During the Cold War era, the medium of shortwave radio was in many ways a predecessor to today’s Internet. For decades, the busy airwaves reflected the geopolitical and international security realities of the day, as over 100 nations transmitted messages that fused domestic and international news with large doses of propaganda. The radio dial was interspersed with squelches of military radar echoes, maritime and aviation traffic, mysterious “numbers” counting stations for international spies, and even military attempts to inject the ionosphere with energy to disrupt communications, or perhaps even incoming International Ballistic Missiles. With the end of the Cold War era and the rise of Internet technology, the shortwave radio spectrum has decayed into a more vacuous space. Many international broadcasters have curtailed their shortwave operations, and instead produce their content for online consumption.
Yet, this past week, at the Media Summit on Climate Change, ICTs and Disaster Risk Reduction in Jakarta, Indonesia, 12 international shortwave broadcasters were able to accomplish a remarkable feat for the first time in the history of radio broadcasting--all articulated through the geopolitical and humanitarian realities of today. National level broadcasters from the United States, China, Japan, Australia, Indonesia, the Vatican, and others piloted the International Radio for Disaster Reduction project in partnership with the High Frequency Coordinating Council (HFCC), the Arab States Broadcasting Union, and the Asia-Pacific Broadcasting Union.
For a full 24 hour day, these broadcasters collaborated to focus a schedule of transmissions on Jakarta on a set frequencies to simulate a focused, international effort to broadcast simulated humanitarian content in the event of a large-scale disaster.
Despite the fact that Internet-enabled cell-phones and tablets are becoming a dominant form of communication technology, in areas such as the Asia-Pacific and Africa, shortwave broadcasting is still a robust and redundant platform that can cross the digital and literacy divide. As proven by this week's test, shortwave radio can also cross the disaster divide in a region extremely vulnerable to mega disasters and the impacts of climate change.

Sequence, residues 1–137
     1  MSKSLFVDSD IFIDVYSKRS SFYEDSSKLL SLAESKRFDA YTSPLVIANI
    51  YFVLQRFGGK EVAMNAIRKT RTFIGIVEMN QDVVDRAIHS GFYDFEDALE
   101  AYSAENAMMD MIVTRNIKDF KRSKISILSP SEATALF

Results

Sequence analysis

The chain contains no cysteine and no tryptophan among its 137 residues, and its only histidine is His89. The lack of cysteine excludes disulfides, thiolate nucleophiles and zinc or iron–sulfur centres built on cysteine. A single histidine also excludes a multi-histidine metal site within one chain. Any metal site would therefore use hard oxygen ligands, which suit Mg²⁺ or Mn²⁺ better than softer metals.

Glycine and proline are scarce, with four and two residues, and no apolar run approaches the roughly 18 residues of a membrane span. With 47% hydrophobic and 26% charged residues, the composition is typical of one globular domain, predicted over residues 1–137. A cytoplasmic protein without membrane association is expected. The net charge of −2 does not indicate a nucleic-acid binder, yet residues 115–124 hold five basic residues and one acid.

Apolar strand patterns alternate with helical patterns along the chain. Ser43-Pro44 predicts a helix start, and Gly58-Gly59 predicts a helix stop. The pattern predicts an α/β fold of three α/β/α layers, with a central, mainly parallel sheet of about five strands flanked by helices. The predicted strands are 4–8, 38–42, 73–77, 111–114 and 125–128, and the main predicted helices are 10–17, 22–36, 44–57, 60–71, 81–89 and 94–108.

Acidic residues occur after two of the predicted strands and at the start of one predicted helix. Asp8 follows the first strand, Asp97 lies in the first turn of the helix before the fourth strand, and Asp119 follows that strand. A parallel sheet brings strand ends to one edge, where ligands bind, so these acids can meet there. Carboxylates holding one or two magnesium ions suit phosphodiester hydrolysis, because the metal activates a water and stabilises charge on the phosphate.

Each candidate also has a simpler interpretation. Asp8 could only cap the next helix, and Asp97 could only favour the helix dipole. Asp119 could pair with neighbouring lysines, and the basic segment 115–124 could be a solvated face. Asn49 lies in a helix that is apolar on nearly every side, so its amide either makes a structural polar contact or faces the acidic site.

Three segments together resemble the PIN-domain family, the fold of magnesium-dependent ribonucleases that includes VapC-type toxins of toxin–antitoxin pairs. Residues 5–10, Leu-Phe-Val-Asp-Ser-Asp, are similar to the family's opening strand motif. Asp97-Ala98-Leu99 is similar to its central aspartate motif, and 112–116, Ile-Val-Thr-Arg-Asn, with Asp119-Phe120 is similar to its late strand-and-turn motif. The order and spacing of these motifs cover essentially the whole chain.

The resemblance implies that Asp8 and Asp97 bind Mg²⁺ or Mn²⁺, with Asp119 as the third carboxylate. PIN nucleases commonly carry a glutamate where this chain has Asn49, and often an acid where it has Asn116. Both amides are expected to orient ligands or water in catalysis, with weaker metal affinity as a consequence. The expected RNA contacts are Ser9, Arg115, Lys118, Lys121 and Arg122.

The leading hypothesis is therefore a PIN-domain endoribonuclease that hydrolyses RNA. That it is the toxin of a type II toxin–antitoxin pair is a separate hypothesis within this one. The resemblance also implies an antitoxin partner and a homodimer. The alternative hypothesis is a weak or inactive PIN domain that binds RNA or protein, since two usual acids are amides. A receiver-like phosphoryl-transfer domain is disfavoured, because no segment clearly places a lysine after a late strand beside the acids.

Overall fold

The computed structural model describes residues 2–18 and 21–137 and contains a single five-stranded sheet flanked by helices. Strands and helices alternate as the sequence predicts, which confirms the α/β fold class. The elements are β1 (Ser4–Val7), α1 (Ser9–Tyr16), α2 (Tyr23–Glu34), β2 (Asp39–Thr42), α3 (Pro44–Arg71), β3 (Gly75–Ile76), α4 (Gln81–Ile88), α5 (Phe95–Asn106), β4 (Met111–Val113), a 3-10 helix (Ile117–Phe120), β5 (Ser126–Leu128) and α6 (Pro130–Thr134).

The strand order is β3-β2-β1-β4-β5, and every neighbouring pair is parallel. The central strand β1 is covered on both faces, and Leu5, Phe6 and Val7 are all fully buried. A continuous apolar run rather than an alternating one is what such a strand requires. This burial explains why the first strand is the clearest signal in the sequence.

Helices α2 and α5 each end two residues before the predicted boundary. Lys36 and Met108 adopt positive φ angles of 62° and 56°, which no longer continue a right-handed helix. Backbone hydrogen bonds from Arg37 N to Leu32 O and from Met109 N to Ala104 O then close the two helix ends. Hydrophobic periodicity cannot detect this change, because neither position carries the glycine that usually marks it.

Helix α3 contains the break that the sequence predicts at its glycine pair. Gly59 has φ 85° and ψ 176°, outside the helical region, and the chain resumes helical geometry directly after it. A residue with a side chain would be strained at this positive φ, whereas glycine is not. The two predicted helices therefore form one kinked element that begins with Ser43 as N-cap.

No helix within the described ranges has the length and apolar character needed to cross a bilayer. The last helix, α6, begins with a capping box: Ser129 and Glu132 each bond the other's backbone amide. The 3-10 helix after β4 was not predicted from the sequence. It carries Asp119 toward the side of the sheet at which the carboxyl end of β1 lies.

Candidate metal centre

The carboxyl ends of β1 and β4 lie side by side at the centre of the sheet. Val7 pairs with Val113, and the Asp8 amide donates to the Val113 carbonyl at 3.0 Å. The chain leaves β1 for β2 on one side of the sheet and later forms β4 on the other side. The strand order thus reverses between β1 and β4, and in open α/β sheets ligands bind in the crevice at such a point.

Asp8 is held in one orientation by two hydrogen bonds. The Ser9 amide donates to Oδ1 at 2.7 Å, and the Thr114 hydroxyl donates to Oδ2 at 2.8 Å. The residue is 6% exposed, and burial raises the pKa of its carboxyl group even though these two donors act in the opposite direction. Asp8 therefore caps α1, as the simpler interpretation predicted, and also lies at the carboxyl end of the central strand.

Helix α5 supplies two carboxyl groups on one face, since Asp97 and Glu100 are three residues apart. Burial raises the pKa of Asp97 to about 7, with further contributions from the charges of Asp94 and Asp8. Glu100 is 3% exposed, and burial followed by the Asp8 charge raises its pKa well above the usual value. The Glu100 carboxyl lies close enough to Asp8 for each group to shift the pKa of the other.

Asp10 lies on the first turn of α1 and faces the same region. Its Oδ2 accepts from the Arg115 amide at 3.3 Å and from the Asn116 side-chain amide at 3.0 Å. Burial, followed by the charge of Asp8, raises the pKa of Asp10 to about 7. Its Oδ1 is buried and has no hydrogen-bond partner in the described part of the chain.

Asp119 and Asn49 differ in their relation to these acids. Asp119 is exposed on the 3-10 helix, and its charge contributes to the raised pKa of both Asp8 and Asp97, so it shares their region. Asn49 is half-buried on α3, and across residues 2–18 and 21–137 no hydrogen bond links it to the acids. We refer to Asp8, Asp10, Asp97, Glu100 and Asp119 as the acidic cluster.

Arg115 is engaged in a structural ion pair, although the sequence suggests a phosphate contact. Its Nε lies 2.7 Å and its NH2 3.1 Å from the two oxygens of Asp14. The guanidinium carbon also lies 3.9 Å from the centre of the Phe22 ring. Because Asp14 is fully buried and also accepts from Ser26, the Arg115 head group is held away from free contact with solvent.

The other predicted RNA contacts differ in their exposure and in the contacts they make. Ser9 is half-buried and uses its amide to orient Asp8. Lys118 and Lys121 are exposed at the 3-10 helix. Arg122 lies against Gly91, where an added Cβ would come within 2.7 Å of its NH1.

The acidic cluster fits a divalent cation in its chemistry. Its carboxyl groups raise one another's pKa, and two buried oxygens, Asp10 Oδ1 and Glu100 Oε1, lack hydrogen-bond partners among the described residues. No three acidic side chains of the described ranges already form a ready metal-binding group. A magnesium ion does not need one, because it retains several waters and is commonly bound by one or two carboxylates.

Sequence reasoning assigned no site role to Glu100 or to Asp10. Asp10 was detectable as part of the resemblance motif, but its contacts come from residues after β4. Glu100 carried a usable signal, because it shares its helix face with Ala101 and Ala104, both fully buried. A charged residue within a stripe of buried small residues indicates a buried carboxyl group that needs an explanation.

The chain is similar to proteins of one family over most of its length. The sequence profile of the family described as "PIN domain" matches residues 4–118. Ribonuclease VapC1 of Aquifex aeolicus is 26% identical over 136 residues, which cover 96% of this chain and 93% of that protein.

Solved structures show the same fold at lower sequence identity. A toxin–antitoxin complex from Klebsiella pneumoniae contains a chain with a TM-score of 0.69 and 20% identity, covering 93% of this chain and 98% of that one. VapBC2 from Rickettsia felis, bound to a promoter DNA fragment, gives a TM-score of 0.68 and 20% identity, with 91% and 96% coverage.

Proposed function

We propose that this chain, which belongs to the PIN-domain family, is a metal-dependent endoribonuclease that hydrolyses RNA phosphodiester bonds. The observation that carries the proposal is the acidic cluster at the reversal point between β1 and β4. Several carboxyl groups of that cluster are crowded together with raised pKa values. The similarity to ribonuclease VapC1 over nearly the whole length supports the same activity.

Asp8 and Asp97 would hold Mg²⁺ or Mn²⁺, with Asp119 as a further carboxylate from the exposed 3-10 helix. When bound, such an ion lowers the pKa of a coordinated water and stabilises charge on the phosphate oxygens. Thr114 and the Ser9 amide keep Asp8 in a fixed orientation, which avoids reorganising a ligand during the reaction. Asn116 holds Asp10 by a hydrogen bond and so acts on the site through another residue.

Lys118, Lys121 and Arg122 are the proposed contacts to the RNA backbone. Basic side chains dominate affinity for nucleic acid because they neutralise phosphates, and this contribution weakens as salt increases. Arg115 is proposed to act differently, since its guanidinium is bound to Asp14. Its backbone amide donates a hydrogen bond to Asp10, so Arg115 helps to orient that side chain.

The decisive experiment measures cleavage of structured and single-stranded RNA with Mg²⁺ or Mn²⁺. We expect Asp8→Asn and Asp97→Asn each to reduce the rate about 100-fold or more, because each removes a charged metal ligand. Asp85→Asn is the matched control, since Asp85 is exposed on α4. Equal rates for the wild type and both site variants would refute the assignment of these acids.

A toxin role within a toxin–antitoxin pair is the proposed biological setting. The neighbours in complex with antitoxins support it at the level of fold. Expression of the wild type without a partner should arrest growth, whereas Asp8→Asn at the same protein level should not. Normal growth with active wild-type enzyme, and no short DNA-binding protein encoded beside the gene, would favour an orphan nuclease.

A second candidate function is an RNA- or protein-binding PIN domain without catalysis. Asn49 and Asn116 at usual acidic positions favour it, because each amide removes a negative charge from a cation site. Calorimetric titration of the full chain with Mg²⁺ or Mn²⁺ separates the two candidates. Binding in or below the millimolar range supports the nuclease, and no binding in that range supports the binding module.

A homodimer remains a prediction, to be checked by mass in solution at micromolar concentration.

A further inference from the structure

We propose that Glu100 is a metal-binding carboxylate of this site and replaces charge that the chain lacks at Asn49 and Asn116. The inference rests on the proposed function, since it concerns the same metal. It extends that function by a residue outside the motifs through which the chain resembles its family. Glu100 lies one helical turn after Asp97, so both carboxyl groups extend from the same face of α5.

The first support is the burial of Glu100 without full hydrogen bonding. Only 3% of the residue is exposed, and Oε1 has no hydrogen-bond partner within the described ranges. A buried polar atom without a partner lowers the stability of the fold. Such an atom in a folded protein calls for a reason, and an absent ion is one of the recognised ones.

According to Oldrich Cip of the HFCC,
This is for the first time ever that international radio stations have volunteered to demonstrate that shortwave broadcasting is capable of communicating relevant information to the affected populations immediately after a disaster strikes. Receivers are light- weight and cheap and the technology is unique in being completely disaster resistant: the transmitting facilities can be hundreds or even thousands of kilometers away from the disaster zone suffering from a total communication and information blackout.The International Radio for Disaster Reduction test proved that, from a communications perspective, nations can form an effective humanitarian security architecture that can act as beacons to millions who may be victims of a mega disaster.
Perhaps most interestingly, both the United States and China participated in this successful event together. In 2012, US Defense Secretary Leon Panetta expressed that the U.S.'s growing engagement in the Asia-Pacific was intended to"take steps to confront the mutual challenges that both of our countries face." Panetta cited disaster relief and humanitarian assistance as the top two mutual challenges for both regional powers. This week's test is an example that collaboration among regional powers can help foster unique security architectures with profound implications.
[Via: High Frequency Coordinating Council, ReliefAnalysis.com; Image: NASA depiction of a hazard emanating from Indonesia (smog and smoke)]